Last week's expansive leaks (and no shortage of rumor) gave us the opportunity to pick through the hard changes involved in the Apple iPhone HD; a display estimated at 960 x 640, a front-facing camera, talk even of the 1GHz Apple A4 CPU from the iPad. The question remains, though, will the iPhone HD be another game-changer or more of an incremental evolution? Right now, extra pixels and faster CPU aside, it looks more of the latter; the cynic might compare the iPhone HD with OS 4.0 to an ageing athlete, requiring the services of a bolted-on exoskeleton in order to keep up. The new software platform (which has likely saved a few surprises for the official fourth-gen hardware reveal later in the year) brings some much-anticipated features, but they feel a little clunky in their implementation. As I said in my recent iPad review, background notifications and multitasking will work, but they lack the purity found in earlier iterations of the platform.
That's important, because while not everyone has bought an iPhone, we've all arguably benefitted from Apple's innovation. Touchscreens were of course in use before the first-gen Apple handset, but rarely had they been so usable, so completely paired with an intuitive OS. HTC, Palm, RIM, Samsung, LG and others have gamely risen to the challenge, certainly, but they owe a debt to Apple for the halo product that spurred on consumer demand.
Of course, the real prize - that is, what Apple's rivals are really keen to emulate - is the iPhone's user lock-in. That is to say, the App Store and the vast (and ever-growing) catalog of third-party software which run on Apple's handsets and theirs alone. The iPhone software dynamic is an odd one, perhaps at odds with what you'd expect to be popular in an internet-savvy, freedom aware user base. Thanks to Apple's approval mandarins, the App Store is well-pruned; hardly a week goes by without some story of a title rejected for treading outside of Cupertino's boundaries of acceptability, outraged developers (and usually a fair few critics from the public too) decrying the company for being unnecessarily restrictive.
That frustration, however, seemingly prompts subconscious reassurance among iPhone users: they know the app they buy today won't turn around and bite their smartphone tomorrow, is unlikely to suddenly die and take their data with it. In turn, they're far more willing to hand over $0.99 (or thereabouts) on a punt purchase. After all, its met the excruciating Apple standards.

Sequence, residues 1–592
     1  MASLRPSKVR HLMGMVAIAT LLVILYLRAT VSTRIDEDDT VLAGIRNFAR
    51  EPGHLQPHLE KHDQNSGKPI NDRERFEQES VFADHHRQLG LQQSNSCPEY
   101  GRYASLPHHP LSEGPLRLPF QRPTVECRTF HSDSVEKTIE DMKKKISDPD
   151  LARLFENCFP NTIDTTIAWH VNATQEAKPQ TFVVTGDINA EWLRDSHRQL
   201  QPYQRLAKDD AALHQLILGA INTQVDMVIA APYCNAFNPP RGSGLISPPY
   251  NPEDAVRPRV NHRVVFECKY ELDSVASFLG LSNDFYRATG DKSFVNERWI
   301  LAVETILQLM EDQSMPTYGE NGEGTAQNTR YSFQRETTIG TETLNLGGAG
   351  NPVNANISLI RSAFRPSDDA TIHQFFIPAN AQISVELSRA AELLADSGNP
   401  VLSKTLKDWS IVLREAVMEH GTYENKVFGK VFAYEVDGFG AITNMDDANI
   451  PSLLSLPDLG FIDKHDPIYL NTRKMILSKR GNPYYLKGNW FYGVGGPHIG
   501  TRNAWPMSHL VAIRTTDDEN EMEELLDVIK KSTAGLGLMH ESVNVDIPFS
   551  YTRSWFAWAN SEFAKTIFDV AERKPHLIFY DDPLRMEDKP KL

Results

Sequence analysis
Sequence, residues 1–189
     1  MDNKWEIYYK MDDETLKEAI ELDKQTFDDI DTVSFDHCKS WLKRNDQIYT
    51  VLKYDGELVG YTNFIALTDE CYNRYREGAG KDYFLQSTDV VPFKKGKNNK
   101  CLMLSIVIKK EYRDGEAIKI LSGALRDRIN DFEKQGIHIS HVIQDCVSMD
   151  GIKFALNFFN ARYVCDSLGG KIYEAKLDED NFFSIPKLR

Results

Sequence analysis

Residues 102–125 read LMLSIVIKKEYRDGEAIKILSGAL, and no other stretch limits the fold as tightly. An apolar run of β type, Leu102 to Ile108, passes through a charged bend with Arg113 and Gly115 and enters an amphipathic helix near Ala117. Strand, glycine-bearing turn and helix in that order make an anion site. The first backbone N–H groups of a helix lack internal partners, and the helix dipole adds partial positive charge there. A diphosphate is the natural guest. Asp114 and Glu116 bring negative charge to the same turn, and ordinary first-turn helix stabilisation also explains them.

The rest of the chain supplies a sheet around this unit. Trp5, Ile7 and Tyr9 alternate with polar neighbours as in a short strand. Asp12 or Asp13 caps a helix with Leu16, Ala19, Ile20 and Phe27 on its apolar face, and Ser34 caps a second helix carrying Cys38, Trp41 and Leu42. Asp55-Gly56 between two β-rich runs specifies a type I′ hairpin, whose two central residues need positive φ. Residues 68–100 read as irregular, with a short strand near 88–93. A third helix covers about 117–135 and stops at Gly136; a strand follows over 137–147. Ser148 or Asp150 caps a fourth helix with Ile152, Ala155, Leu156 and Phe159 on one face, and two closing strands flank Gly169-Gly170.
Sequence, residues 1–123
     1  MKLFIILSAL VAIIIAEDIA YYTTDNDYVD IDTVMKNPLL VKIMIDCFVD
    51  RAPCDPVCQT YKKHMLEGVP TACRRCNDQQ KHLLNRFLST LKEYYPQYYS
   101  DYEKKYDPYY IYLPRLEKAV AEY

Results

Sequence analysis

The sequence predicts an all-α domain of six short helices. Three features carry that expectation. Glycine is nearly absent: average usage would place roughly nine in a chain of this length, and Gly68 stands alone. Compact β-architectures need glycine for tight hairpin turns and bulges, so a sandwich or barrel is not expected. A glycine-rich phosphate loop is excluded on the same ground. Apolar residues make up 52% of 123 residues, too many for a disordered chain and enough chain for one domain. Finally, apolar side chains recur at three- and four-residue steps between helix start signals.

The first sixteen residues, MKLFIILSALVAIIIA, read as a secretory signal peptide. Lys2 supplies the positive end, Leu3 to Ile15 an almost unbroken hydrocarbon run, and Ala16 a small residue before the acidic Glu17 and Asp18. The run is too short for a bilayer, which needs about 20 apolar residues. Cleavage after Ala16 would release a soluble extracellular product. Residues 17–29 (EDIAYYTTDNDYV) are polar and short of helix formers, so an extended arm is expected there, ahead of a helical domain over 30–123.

So, with rival on-device application catalogs growing (the Android Market, Palm's App Catalog, etc.), what's the next equivalent for Apple? With the advent of iPhone OS 4.0, it seems locking in not just users but developers is the next focus. iAd - Apple's new in-app advertising platform - isn't just about making them and the developer community some money, it's about making iPhone OS more alluring and, in time, the only viable option for coders.
Picture it: if iAd is making developers twice the amount of revenue in their free iPhone apps than basic advertising makes in, say, the Android equivalent, what's that developer to do? Will the market understand the reasons behind a free iPhone app being a paid one on a rival platform? Or will the knee-jerk reaction be for users to lean toward the iPhone as the having the most free (or most feature-rich) software, and for developers to neglect their free titles on other platforms because they see a better return on their coding investment under Apple's awnings?
iPhone 3G to 3GS was relatively incremental; case change, screen boost and CPU swap notwithstanding, 3GS to HD may be similarly incremental. With most smartphones on the market having fast processors, eye-catching displays and fulsome connectivity, the game has changed and it's a trickier one to play. As Palm have discovered to their shareholders' cost, it takes more than a great OS and decent "expert" reviews to conquer the smartphone segment these days. Apple's ground-breaking changes aren't so easy to quantify on a spec-sheet, but they'll result in a whole lot more users and developers with platform investment that goes far beyond a two-year carrier agreement.